Dystopia is derived from the Ancient Greek and means a bad place. By definition, Dystopia is the opposite of Utopia which is a derivative of the Greek word meaning place and sounds like the English homophone (eutopia) which is derived from the Greek to mean good or well. In combination then, Utopia, has come to mean a good place. Utopia is often thought of as Heaven on earth, paradise today, where the world lives in peace and no one dies of hunger. Where there is no such thing as crime. In the classic, The Time Machine, a scientist creeps into the future to see if the world can cure its ills. He stumbles upon a seeming Utopia until he realizes human beings are being raised as food for underground monsters.
According to Wikipedia, Dystopian literature has these in common: idea of a society, generally of a speculative future, characterized by negative, anti-utopian elements, varying from environmental to political and social issues.
Most Dystopian themes will characterize society as oppressive or totalitarian. While the world seems dark and unappealing to the reader, the minor characters or society sees nothing wrong with the way things are. There is generally a character or characters that is dissatisfied and wants things to change. Therein is the conflict, the character pitted against society, like Don Quixote, flailing his sword at windmills.
Other classic dystopian literature includes: Brave New World, Fahrenheit 451, and The Iron Heel.
Unlike most Dystopian themes, and more like Chronicles of Narnia, America II: The Reformation offers hope for an improved society. It also reminds the reader of God’s continued interest and involvement in the affairs of His creation.

SYNOPSIS and Back Cover blurb
Following unprecedented climatic changes, resultant pestilence and war brought the world into chaos. Eventually, each nation surrendered its sovereignty to form a global democracy, initially known as The Accord. However, the democratic government proved too weak and was soon replaced by a faux democratic rule. 
The year is 2073, and current governor of Western America Province, Edwin Rowlands, is poised to become the Constitutional Government’s second president. Many fear that the sweeping reforms found in his proposed Preservation Act will set him up as a dictator. If enacted, defection both past and present would become a crime punishable by death, thus bringing all outlands into crushing subjection.
While most believe reform is critical, factions disagree on how to prevent the Preservation Act from becoming law. Ahmed Farid, second President, believes reform can be managed within the existing government. Leader of the Revolutionary Army, Jimmy Kinnear, trusts only in military intervention. However, Jacob Goodayle, Chairman of Western America’s illegal outland government, favors separatism.
As tensions rise, civil war seems imminent. Who will be the voice of reason in a world on the verge of a third dark age?
A native of Central New York, Linda Rondeau met and married Steve Rondeau, her best friend in life, and managed a career in human services before tackling professional writing. After thirty-four years of marriage, they have relocated to Jacksonville, Florida, leaving rural America to live in a city of one million.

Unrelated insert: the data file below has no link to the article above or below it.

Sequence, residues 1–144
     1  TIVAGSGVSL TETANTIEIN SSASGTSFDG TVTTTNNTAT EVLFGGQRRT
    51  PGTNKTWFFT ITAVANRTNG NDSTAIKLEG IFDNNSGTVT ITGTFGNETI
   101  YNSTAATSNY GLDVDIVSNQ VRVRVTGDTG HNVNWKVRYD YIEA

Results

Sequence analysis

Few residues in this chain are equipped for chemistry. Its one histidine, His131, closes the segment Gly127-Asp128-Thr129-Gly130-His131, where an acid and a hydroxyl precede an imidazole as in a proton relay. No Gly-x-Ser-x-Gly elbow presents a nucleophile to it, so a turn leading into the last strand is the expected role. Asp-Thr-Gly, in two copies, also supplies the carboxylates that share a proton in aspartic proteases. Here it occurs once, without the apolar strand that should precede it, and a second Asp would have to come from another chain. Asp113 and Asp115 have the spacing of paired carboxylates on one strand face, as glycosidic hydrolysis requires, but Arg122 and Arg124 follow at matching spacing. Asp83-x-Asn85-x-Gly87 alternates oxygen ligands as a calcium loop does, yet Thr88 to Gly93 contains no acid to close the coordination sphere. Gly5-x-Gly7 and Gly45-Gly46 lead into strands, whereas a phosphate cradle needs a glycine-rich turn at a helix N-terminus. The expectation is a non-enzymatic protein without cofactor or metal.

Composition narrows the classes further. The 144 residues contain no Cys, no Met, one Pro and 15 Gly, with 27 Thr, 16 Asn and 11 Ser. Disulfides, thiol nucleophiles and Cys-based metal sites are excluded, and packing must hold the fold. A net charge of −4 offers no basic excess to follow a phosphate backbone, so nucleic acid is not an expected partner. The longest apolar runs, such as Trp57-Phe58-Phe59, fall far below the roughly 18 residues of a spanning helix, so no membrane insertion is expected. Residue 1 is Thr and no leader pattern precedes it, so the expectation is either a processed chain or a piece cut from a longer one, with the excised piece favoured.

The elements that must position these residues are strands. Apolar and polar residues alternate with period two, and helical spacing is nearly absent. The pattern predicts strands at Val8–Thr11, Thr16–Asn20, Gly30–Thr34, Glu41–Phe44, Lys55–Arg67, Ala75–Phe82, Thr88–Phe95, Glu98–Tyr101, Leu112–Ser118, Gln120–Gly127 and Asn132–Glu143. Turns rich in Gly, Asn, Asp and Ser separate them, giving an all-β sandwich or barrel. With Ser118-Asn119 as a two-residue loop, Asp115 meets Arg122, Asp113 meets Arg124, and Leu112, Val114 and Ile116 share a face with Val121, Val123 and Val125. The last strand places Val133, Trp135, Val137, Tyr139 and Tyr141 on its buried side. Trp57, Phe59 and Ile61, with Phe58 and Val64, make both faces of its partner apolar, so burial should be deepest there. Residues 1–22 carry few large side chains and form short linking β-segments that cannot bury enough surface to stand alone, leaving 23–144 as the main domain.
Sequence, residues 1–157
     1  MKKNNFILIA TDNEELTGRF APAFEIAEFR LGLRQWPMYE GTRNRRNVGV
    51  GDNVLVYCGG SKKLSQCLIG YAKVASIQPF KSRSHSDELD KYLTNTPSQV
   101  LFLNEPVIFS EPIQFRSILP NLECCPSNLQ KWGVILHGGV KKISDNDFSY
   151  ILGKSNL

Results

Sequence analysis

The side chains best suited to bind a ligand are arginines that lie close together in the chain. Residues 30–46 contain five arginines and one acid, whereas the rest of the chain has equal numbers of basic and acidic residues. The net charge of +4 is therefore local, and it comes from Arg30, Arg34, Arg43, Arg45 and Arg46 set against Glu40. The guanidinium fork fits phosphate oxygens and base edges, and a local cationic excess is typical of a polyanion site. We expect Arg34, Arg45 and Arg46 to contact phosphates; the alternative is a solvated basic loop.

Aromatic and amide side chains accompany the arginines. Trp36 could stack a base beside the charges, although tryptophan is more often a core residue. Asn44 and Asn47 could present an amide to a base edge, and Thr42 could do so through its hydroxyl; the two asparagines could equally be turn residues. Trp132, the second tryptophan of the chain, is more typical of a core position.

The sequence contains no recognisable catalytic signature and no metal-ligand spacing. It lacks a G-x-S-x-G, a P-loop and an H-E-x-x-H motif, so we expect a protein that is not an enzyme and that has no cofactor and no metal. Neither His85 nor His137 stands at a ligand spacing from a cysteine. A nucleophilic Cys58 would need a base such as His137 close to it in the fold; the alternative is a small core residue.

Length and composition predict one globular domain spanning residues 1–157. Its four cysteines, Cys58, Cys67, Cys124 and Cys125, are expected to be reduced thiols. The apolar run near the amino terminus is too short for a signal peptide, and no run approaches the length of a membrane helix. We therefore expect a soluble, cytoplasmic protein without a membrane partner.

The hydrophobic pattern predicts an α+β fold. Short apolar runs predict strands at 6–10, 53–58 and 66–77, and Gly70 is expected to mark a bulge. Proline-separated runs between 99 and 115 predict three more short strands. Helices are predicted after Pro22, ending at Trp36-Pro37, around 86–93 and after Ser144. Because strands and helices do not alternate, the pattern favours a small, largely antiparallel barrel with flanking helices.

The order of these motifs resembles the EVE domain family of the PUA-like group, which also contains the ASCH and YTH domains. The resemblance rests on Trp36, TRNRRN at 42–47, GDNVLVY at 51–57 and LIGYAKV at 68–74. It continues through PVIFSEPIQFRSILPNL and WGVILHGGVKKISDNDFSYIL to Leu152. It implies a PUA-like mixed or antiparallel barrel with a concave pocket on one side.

While writing is her greatest passion, the more favorable temperatures of Florida allow her to follow another great passion--golf.

Linda is the wife of one patient man, the mother of three, and the grandmother of nine.
An award winning author, L.W. Rondeau first book, The Other Side of Darkness (written under Linda Wood Rondeau), released Fall 2012, and won the 2012 Selah Award for best first novel. America II: The Reformation is L.W.’s debut sci-fi book and is the first of a futuristic, political thriller trilogy. A prequel is planned in the form of serial editions.

America II: TheReformation is available on Amazon and Barnes and Noble.
You can reach L.W. through Twitter, Facebook, Goodreads, and Linked In. Soon to be on PInterest. 
Or visit L.W.’s website:
            This Daily Grind

Tuesday, August 14, 2012

Like what you see?

I wake up, at no particular set time, and make my way to the bathroom for the morning (or maybe early afternoon) duties.

I look in the mirror, steamed over from a skin-reddening hot shower. Like any of us, I sometimes ask, "Do I like what I see?"

"Sure." The answer is usually, "Sure, I'm fine with that." Most of the time, the thoughts do not travel much beyond that point.

Today, they did. Today, the wet smear of my handprint revealed a face I did not recognize in that dubious mirror. I followed the lure of my dark pupils like Alice down her rabbit hole.

Inside, I meet zombies, vampires, walking through dark spaces, stepping in who knows what, but it is sticky and smells horrible. I see my friend Ron (he's kind of annoying, but takes it in stride).

Today, I really like what I see. I have been working on redesigning my image. Little things here and there.

I changed up my blog.

I have a new author page: The old Facebook pages will be going away soon.

I have some excellent new covers:

I am working on a new story, but more on that later. I am taking my time these days. I have mentioned several times lately that I am working to finish Severed. Then we will have another visit with Ron Ungary. After that, something new. Something interesting.

What about you? Do you like what you see?